Saturday, January 24, 2015

This Week in Texas Methodist History   January 25

Houston Preachers Object to Immersionist Sunday School Literature  January 27, 1938

The debate over sprinkling versus immersion as a form of baptism once was one of the defining differences between Methodists and Baptists in Texas.  Since both denominations agreed on basic Christian principles, often cooperated in city-wide revivals, and even shared the same houses of worship, we sometimes look on the immersion debate with amusement—as straining over gnats   Our ancestors, however, took the matter seriously.  Methodists were actually accommodating to immersionists.  If an adult convert wished to receive baptism by “dunking,” the Methodist preacher would oblige.  

The issue continued into the 20th century, and the Texas Conference Archives contain an interesting correspondence which began when the Advocate published an immersionist Sunday School lesson. 
Houston District preachers objected and directed the Rev. Charles F. Smith to write a letter of complaint to Rev. W. P. King, editor of the Advocate.  Charles F. Smith (1860-1958) was a superannuate member of the Texas Conference who was associated with St. Paul’s Methodist Church in Houston in his retirement.  He was the custodian of the “conference trunk,” a predecessor of the Conference Archives.
Here is the text of Smith’s complaint letter of January 27

Dear Dr. King:
I was appointed by the Houston District, Monday morning’s preacher’s meeting, to prepare a paper to be presented to you.  Tempering the wind to make it mild, the paper is as follows:

With due appreciation of the General Organ, and your splendid work as editor, we drop this word (with the hope the “a word to the wise, etc.”) viz: that “The Church School Lessons” by Prof. Rollin H. Walker, be discontinued.  (The discontinuance reffered (sic) to the writer not to the department.)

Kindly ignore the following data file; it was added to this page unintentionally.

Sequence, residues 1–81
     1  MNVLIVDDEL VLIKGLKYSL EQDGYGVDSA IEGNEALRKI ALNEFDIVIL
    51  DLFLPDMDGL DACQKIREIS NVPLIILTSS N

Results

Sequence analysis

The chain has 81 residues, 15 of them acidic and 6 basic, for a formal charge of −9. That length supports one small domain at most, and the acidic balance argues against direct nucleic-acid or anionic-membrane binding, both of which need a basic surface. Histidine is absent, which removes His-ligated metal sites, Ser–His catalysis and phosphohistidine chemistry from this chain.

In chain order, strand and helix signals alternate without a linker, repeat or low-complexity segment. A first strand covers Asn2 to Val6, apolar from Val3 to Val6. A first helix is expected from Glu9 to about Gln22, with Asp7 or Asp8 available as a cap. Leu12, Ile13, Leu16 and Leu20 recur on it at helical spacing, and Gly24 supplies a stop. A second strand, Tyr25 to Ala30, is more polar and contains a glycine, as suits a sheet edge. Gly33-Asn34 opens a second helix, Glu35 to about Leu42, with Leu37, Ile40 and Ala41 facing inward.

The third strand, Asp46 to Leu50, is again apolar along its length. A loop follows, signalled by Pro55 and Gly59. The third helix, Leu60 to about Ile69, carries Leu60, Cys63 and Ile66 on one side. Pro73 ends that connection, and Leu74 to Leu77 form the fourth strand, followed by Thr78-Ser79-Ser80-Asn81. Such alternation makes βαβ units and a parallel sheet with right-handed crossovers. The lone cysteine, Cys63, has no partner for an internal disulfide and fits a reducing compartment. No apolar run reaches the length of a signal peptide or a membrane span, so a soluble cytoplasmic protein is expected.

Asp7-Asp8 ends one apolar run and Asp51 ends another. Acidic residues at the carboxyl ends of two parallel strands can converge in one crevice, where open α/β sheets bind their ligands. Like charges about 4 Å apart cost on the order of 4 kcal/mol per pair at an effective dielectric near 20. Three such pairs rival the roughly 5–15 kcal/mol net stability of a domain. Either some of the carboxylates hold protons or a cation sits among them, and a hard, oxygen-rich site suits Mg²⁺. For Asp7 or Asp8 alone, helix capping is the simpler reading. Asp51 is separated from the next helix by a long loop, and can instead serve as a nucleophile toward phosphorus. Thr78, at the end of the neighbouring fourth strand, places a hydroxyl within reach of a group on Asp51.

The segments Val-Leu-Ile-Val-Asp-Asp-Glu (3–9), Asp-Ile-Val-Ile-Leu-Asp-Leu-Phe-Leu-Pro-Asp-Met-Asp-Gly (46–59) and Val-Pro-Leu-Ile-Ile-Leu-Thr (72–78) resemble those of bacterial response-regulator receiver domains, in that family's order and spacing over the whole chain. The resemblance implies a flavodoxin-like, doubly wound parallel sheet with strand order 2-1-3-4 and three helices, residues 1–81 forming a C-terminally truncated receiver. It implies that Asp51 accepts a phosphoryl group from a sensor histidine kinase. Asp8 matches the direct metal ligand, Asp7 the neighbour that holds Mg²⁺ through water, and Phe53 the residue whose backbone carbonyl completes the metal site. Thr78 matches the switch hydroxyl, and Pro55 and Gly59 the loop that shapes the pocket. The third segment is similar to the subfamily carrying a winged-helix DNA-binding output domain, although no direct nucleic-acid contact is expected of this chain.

For this paper there were 17 “ayes” and 4 “nays”.  The opposing stated they had not read Porfessor Walker’s articles. 
                                                                          Cordially Yours

N. B. My personal word.  Your contributor is evidently an immersionist.   No quarrel with him about that.  But the man who holds that view is not the man to write for the Methodist Sunday School, and in the columns of the paper supported by the Methodist Church. 

A communication from another part of the state says:  you are going to give an explanation of the Methodist position on the immersion question.  Permit me, Doctor, to ask, why you did not do this in the paper in which appeared your contributor’s article and as an answer to him?

Dr. King responded immediately.  Here is his reply from January 28:

My dear Dr. Smith:

I frankly confessed to some of the brethren who wrote me as touching Professor Walker’s Sunday School lesson that I was not on my guard when that lesson went in and did not notice the objectionable expression.  As you say, he has right to his private opinion, but it was not appropriate for the Advocate.  I have put him on notice as touching this particular statement, which I find that the other papers that carry his lessons, detected and eliminated.  So long as he is satisfactory in his exposition of the lesson, I would be unwilling to rule him out for this lapse alone.

My editorial on baptism is in the Advocate of next week.  I am not guaranteeing that it will give universal satisfaction, but I think it is the one reasonable interpretation.
I am not clear as to one item in your letter.  Did you want your statement published in the Advocate or was it for my own private benefit?


Editor King also added a hand written postscript.  We should have larger number of subscribers to the Advocate from Houston. 


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